Knights of Malta
“A service as necessary today as it was a thousand years ago, to alleviate physical and spiritual frailties, to promote peace and justice and to satisfy the perpetual need to help our fellow man.”
Fra’ Matthew Festing
In the 11th century the Knights of Malta, known then as ‘Knights Hospitaller’, established a hospital in Jerusalem to care for pilgrims of any religious faith or race. The work of the hospitallers grew in fame and in 1113 Pope Paschal II officially recognised the monastic community as a lay religious order. The Pope identified the Hospitaller Gerard as the Order’s founder, together with an established group of monks – the ‘Professed’ – who are still at the heart of the Order of Malta today.
Throughout the centuries the number of members coming from all over Europe continued to grow and contributed to the strengthening of the Order during its presence in Rhodes (1310-1522) and in Malta (1530-1798).
While members of the Order of Malta in former times traditionally belonged to the aristocracy, the emphasis today is on a nobility of spirit and conduct. The 13,500 Knights and Dames of the Order of Malta remain true to its inspiring principles, summarised in the motto “Tuitio Fidei et Obsequium Pauperum” – nurturing, witnessing and protecting the faith and serving the poor and the sick – which become reality through humanitarian projects and social assistance in 120 countries. Members must demonstrate dedication to these principles and are admitted country-by-country through Priories and national Associations.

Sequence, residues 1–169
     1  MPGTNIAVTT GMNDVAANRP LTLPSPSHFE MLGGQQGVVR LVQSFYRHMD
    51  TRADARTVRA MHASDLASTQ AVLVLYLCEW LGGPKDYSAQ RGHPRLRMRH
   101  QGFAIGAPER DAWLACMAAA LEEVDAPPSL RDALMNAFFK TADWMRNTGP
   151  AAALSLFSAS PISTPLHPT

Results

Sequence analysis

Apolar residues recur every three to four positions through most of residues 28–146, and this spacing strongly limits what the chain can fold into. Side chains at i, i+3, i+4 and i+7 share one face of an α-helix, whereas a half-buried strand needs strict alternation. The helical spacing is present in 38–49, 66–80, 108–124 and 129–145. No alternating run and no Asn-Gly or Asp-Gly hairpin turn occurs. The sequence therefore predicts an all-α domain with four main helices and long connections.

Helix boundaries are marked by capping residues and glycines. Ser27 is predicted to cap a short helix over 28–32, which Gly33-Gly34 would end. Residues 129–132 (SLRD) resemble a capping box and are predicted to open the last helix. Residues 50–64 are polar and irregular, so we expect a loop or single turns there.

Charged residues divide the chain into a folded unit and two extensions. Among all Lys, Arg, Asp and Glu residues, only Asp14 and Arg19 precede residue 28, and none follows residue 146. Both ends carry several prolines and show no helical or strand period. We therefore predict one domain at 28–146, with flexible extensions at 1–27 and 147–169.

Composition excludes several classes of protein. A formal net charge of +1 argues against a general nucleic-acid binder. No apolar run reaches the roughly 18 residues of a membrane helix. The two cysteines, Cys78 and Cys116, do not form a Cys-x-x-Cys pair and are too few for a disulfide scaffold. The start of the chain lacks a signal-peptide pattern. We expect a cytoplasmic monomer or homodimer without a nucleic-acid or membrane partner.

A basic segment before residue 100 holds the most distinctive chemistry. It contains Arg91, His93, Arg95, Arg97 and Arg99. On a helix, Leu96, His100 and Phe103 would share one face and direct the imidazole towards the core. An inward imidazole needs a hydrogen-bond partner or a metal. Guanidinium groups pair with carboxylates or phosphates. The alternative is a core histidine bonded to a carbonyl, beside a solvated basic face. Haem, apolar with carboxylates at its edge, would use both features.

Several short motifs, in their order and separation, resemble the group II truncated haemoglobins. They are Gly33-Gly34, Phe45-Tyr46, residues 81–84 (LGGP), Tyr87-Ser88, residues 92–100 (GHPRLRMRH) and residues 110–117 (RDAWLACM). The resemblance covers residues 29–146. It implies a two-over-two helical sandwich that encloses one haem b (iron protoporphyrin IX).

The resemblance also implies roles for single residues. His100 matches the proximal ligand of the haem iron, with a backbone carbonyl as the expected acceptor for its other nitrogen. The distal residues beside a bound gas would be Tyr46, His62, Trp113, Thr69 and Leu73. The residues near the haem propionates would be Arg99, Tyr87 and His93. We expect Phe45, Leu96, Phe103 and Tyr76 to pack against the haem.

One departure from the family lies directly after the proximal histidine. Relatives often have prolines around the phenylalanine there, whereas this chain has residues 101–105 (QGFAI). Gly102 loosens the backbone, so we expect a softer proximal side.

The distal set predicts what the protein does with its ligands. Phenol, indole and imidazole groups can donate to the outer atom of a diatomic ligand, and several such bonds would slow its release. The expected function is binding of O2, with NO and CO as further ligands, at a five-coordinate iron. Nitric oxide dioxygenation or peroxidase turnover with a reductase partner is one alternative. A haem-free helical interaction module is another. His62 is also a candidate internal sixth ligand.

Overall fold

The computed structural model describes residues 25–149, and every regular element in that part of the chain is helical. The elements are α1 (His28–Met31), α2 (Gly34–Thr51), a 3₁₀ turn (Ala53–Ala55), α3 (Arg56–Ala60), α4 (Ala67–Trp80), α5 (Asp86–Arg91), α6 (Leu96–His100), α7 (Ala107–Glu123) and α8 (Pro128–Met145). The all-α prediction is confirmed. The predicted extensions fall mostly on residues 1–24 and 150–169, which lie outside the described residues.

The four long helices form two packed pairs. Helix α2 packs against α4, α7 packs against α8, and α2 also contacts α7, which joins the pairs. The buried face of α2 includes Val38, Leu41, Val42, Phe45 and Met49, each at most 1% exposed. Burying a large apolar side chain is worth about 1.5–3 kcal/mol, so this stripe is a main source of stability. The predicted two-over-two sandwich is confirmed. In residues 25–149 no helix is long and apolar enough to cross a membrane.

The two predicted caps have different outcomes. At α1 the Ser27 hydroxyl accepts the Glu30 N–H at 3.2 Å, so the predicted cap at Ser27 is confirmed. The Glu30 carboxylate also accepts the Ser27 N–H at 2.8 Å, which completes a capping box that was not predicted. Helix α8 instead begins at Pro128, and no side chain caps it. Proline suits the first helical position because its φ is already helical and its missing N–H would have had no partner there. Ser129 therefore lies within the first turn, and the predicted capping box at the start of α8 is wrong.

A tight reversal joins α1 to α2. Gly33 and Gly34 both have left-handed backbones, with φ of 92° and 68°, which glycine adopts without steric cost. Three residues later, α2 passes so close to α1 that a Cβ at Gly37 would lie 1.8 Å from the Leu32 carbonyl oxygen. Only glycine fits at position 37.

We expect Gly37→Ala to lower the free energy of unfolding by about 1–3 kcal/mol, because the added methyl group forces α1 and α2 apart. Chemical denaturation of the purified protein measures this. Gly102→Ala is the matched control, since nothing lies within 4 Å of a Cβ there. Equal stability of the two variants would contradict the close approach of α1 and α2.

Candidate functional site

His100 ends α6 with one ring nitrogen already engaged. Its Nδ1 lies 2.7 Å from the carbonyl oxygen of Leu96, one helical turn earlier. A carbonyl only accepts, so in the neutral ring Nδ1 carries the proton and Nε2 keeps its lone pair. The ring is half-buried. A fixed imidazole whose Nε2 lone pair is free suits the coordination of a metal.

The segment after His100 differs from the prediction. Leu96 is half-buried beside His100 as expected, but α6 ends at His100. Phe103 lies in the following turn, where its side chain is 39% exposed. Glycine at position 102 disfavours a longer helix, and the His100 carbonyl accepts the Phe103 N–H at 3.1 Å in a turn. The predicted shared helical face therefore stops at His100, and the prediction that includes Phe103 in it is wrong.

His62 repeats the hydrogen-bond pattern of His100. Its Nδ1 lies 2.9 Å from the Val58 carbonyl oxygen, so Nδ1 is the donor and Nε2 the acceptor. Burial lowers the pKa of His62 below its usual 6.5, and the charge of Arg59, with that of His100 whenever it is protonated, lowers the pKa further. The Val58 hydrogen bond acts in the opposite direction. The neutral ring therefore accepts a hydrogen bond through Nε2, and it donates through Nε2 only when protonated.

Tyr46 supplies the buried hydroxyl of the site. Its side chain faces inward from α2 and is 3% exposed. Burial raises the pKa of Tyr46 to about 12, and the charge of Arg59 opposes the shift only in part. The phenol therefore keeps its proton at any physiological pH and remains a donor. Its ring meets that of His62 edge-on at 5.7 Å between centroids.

The three Classes
According to the Constitution, the members of the Order of Malta are divided into three Classes. The members are to conduct their lives in an exemplary manner in conformity with the teachings and precepts of the Catholic Church and to devote themselves to the assistance activities of the Order.
Members of the First Class are Knights of Justice, or Professed Knights, and the Professed Conventual Chaplains, who have made vows of “poverty, chastity and obedience aspiring to perfection according to the Gospel”. They are religious according to Canon Law but are not obliged to live in community.
The members of the Second Class, by virtue of the Promise of Obedience, are committed to living according to Christian principles and the inspiring principles of the Order. They are subdivided into three categories:
– Knights and Dames of Honour and Devotion in Obedience
– Knights and Dames of Grace and Devotion in Obedience
– Knights and Dames of Magistral Grace in Obedience
The Third Class consists of lay members who do not profess religious vows or the Promise, but who live according to the principles of the Church and of the Order. They are divided into six categories:
– Knights and Dames of Honour and Devotion
– Conventual Chaplains ad honorem
– Knights and Dames of Grace and Devotion
– Magistral Chaplains
– Knights and Dames of Magistral Grace
– Donats (male and female) of Devotion
The contact information of the entity operating in your country can be found here.